The Romans were not great thinkers like the Greeks, but they were very pragmatic people. They built well paved and well guarded roads that connected distant provinces, and since trade flourished travel was constant. The circumstances in the first century favoured the spread of Christianity. In other aspects the circumstances were a threat to Christianity. To communicate their faith in the midst of this Hellenistic culture, Christians found two philosophical traditions particularly attractive and helpful: Platonism and Stoicism.

Platonism is the philosophy associated with Plato, who criticized the ancient gods and taught about a perfect and immutable supreme being. Plato believed in the immortality of the soul, and he affirmed that far above this world of fleeting things there was a higher world of abiding truth.

Stoicism is a school of philosophy founded by Zenon. It teaches the development of self-control and fortitude as a means of overcoming destructive emotions; becoming a clear and unbiased thinker allows one to understand the universal reason (logos). A primary aspect of Stoicism involves improving one’s ethical and moral well-being.

Defence of the faith

The objection to Christianity on the part of many cultured pagans was not purely an intellectual matter, but it was deeply rooted in class prejudice. The majority of early Christian converts in the Roman World were from the lower sections of society. The cultured pagans could not conceive the possibility that this Christian rabble were more enlightened than them. To them Christianity was the religion of a peasant from Galilee. Jewish teachers had never risen to the level of Greek philosophers; so if anything good is found in Jewish Scripture, this was because the Jews copied the Greeks.

Some Christians, such as Tertullian, believed many of the heresies that circulated in their time were the result of mixing pagan philosophy with Christian doctrine, and they insisted on a radical opposition to pagan culture. Tertullian’s “Address to the Greeks” is an attack on everything the Greeks considered valuable, and a defence of the “barbaric” Christians. Since the writings of the Jewish prophets such as Moses are much older than those of Plato or Homer, any agreement between Greek philosophy and the religion of the Christian “barbarians” is because the Greeks derived their wisdom from the barbarians.

Other Christians took a different stance. On becoming a Christian, Justin Martyr did not cease being a philosopher, but rather took upon himself the task of doing “Christian philosophy”. He claimed that there were several points of contact between Christianity and pagan philosophy. For instance, Plato and Socrates believed in a Supreme Being and life after death. The partial agreement between the philosophers and Christianity could be explained by the doctrine of the Logos, a Greek word meaning “word” and “reason”. The Gospel of John affirms that in Jesus the logos or “word” was made flesh. Thus, according to Justin, what happened in the incarnation was that the underlying reason of the universe, the logos or Word of God, was made flesh. Other early Christian intellectuals such as Augustine and Origen also drew on Greek philosophy to explain and defend Christian doctrine. While accepting truths found in the philosophers, they insisted on the superiority of the Christian revelation.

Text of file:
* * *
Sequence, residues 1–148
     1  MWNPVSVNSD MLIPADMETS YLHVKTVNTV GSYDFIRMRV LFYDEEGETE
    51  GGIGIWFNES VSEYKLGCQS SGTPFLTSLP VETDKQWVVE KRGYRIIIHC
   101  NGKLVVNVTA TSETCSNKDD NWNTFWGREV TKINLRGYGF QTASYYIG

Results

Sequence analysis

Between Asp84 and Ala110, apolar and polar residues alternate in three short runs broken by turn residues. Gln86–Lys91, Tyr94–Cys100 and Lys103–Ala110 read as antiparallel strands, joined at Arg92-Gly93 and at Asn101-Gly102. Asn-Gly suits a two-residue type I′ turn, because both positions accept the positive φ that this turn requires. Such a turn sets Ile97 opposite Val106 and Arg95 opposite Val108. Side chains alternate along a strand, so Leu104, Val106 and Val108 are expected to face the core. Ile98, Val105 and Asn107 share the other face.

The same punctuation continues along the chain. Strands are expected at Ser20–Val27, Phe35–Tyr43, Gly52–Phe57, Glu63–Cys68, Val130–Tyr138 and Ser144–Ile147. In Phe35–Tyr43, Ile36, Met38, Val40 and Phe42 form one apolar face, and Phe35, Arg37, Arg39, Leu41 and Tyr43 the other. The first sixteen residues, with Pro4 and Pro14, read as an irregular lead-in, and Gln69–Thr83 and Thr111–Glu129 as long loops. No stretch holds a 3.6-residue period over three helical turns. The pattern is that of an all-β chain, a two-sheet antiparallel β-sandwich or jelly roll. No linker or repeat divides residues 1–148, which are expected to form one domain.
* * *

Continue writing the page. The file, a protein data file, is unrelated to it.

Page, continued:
Other Greek influences

All the New Testament gospels were written in Greek. The word “Christ” is the English translation of the Greek word Khrist├│s meaning "the anointed one"; and “Christian” means “belonging to Christ”. The ancient Greek word “Ichthus” means "fish". It was used by early Christians as an acronym for "Jesus Christ, God's Son, Savior": I=Jesus, Ch=Christ, Th=Theou (God's), U=Uios (Son), S=Soter (Savior).

In the first few centuries after Christ, when the early Christians faced persecution in the Roman Empire, they used the fish symbol as a secret symbol to identify safe meeting places and tombs as well as a fellow believer in Christ:
"…when a Christian met a stranger in the road, the Christian sometimes drew one arc of the simple fish outline in the dirt. If the stranger drew the other arc, both believers knew they were in good company. Current bumper-sticker and business-card uses of the fish hearken back to this practice. The symbol is still used today to show that the bearer is a practicing Christian."
—Christianity Today, Elesha Coffman, "Ask the Editors".


Empires never last but their legacies often do. However miserable the situation is in Greece today, there’s no doubt that the creative output of its brief Golden Age of antiquity still endures with us. Probably the biggest contribution of ancient Greece to our modern world is democracy. Greek philosophy also had a profound influence on man and still continues to provoke intellectual thought. It was often used by pagans to attack Christianity, but many early Christians also embraced it to show that Christians too could do philosophy. Any shortcomings in Greek philosophy, they said, could be answered by the fullness and superiority of the Christian doctrine.